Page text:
One of our staff here at PayingTooMuch.com, John, recently had an unfortunate incident in his car with a concrete post. When rushing to park at night he reversed his white BMW into a concrete bollard causing the bumper to crack in various places whilst the yellow post left a vertical yellow paint mark on the bumper.
BMW quoted approximately £1250 to paint and fit a new bumper and reflector. However, John managed to arrange a third-party repair for approximately £430. The final finish is truly stunning, and you could never tell the bumper has had a repair.
This goes to show that high quality repairs are often available at a fraction of the replacement cost. However, John could have claimed on his insurance for his little accident and got a brand new bumper. Why didn’t he?
“An insurance claim made no sense”
John said: “Claiming on my insurance would have cost me considerably more money. My insurance excess is £600, so the cost of the claim would have been more than the cost of the repair.”
“That is without considering that I would lose my no-claims bonus and probably pay higher premiums for years to come!”
John is quite right. We’ve calculated that the cost of John losing his no-claims bonus and declaring the incident could raise his renewal price by over 40%. So it is clear that self-funded repairs are cheaper than claiming on your insurance.
And this all makes perfect sense, right? Wrong.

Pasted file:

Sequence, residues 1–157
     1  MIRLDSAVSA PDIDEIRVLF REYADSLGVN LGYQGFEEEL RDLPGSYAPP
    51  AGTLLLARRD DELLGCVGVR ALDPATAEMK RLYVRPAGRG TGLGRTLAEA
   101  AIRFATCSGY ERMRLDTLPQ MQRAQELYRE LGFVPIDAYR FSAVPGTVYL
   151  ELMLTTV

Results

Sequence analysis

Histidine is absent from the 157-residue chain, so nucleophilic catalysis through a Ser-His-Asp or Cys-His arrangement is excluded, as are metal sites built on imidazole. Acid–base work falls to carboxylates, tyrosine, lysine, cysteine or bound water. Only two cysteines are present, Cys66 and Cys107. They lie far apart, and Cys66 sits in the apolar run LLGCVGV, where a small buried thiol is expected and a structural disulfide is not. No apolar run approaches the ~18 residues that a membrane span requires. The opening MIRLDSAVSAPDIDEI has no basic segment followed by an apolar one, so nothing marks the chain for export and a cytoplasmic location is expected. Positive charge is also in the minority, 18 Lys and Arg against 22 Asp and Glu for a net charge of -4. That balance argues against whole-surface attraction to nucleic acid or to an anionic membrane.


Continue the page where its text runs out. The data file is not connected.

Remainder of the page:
Ronnie Lewry, PayingTooMuch.com’s car insurance expert, gives this warning: “Clearly, for John, not claiming on his insurance made financial sense. However, almost every car insurance policy contains a clause which requires the owner to notify the insurance company of any events to the car, whether you make a claim or not.
“The reason for this is that the damage may impact the safety of your vehicle. As a result of any disclosure, because you have identified yourself as a potential risk, you can expect your premiums to rise.
“As a broker, PayingTooMuch.com cannot condone the withholding of any disclosure of accidents, dents, prangs or scrapes. If anything happens to your car then you should tell your insurer.”
If anything happens to your car, legally you need to tell your insurer, whether you intend to claim or not. Whether you actually tell them is of course up to you. However, if you don’t then your policy may get cancelled or the insurance company may refuse to pay out if you have an accident.
Food for thought…